Posted Sep 23, 2020 at briciole
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Summer is quickly moving to fall in the Northern Hemisphere, which means it is time to launch a new edition of the culinary/literary event Novel Food, the 40th to be precise. Novel Food is a voyage of literary discovery and a party featuring literary-inspired dishes contributed by event's participants. This is the 13th anniversary edition: this is a hard year for the world and for California right now it is even more so. Still, I think it is important to focus on the small joys of daily life and certainly reading and cooking have been a comfort to me in the... Continue reading
Posted Sep 15, 2020 at briciole
Thank you, Debra :)
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I wonder what it takes to convince farmers to grow something a bit different. I guess they are worried people would not like the novelty. Here the Costata Romanesco is popular and I also find yellow zucchini. My husband does the same :)
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farm fresh and fabulous (placemat by La FABBRICA del LINO) Our current Cook the Books Club selection is Recipe for a Perfect Wife by Karma Brown1, a novel that follows the stories of two women, Alice and Eleanor (Nellie). In 2018, Alice and her husband, Nate, move from Manhattan to a house in a town outside New York sold because the previous owner had died. In the basement, Alice finds a cookbook and a box of old magazines. Her neighbor, Sally, tells her a bit about Eleanor, who lived in the house from the mid-1950's until her death, and gives Alice... Continue reading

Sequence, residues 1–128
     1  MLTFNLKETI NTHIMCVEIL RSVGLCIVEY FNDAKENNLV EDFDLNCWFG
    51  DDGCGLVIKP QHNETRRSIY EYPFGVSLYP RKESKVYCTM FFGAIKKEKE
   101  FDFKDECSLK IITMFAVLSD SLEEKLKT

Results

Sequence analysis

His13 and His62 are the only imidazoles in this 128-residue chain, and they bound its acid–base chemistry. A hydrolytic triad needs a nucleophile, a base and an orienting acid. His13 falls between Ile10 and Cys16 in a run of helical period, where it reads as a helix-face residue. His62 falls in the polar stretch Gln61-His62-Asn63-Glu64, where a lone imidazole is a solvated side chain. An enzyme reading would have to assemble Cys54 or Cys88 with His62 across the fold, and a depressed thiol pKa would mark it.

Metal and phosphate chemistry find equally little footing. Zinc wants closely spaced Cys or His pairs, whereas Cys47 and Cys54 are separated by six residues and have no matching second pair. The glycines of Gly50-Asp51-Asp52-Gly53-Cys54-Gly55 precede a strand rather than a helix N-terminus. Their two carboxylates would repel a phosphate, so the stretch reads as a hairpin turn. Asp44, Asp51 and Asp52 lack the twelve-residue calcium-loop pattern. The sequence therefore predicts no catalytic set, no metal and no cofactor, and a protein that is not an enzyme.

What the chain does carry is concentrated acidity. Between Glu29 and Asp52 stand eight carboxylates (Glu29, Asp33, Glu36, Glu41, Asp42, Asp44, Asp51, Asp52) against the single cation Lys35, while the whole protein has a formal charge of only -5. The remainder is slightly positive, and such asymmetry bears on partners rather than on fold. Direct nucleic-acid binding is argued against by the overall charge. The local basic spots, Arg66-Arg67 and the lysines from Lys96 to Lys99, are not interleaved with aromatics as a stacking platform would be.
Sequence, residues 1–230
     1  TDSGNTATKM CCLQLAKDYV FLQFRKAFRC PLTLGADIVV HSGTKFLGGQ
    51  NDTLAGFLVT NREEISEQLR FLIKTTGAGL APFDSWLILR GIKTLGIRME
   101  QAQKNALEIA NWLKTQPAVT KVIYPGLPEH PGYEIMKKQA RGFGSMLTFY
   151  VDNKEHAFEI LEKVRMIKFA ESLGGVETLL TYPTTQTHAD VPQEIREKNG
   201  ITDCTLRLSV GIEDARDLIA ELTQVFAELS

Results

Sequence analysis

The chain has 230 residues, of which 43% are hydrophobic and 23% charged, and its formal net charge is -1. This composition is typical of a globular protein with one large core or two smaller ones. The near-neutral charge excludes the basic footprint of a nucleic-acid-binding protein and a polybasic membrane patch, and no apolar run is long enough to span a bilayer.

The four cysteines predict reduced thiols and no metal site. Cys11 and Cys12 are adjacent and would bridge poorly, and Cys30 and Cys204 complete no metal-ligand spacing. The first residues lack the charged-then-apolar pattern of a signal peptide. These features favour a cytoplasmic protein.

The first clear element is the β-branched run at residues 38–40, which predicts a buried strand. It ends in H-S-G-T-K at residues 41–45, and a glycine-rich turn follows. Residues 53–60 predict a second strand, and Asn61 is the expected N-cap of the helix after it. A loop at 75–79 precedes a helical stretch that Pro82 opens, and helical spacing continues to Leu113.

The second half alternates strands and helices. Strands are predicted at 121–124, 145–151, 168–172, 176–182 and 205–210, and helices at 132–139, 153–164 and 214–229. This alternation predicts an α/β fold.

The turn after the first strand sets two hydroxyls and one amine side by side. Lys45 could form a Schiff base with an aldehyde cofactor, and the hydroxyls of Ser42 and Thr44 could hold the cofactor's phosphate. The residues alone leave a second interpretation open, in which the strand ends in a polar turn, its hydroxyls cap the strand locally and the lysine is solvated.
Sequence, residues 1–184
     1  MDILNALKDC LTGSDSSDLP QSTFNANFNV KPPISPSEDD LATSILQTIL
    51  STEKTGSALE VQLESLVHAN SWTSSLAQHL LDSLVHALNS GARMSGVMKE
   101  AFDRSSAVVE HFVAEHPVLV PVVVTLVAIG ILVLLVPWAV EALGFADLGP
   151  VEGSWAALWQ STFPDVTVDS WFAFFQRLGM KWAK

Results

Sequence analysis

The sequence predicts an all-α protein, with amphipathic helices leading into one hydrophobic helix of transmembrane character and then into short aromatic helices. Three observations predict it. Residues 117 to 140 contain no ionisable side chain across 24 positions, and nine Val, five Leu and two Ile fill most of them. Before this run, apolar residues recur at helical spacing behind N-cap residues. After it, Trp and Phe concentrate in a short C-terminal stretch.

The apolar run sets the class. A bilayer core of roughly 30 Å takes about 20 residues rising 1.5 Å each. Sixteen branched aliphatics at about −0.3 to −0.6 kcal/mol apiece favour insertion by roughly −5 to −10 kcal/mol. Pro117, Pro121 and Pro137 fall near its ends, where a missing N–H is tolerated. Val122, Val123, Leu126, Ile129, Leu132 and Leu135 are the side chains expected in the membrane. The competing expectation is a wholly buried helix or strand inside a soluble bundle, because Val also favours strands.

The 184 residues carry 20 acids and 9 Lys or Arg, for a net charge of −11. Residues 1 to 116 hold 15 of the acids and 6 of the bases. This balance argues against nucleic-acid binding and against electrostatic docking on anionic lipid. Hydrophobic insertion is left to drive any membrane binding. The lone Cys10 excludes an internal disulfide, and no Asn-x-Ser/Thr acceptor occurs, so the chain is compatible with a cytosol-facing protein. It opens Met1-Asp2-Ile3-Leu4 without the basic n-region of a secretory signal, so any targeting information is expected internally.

Posted Aug 27, 2020 at briciole
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I decided to give gardening another try, small scale and with low expectations. Kale does well in my garden, but I like some variety. The dumpling cart was a big hit: the artist painted it on site so we saw it come to life :)
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It was fun, Claudia, and interesting. I hope you can find some of those noodles in your area :)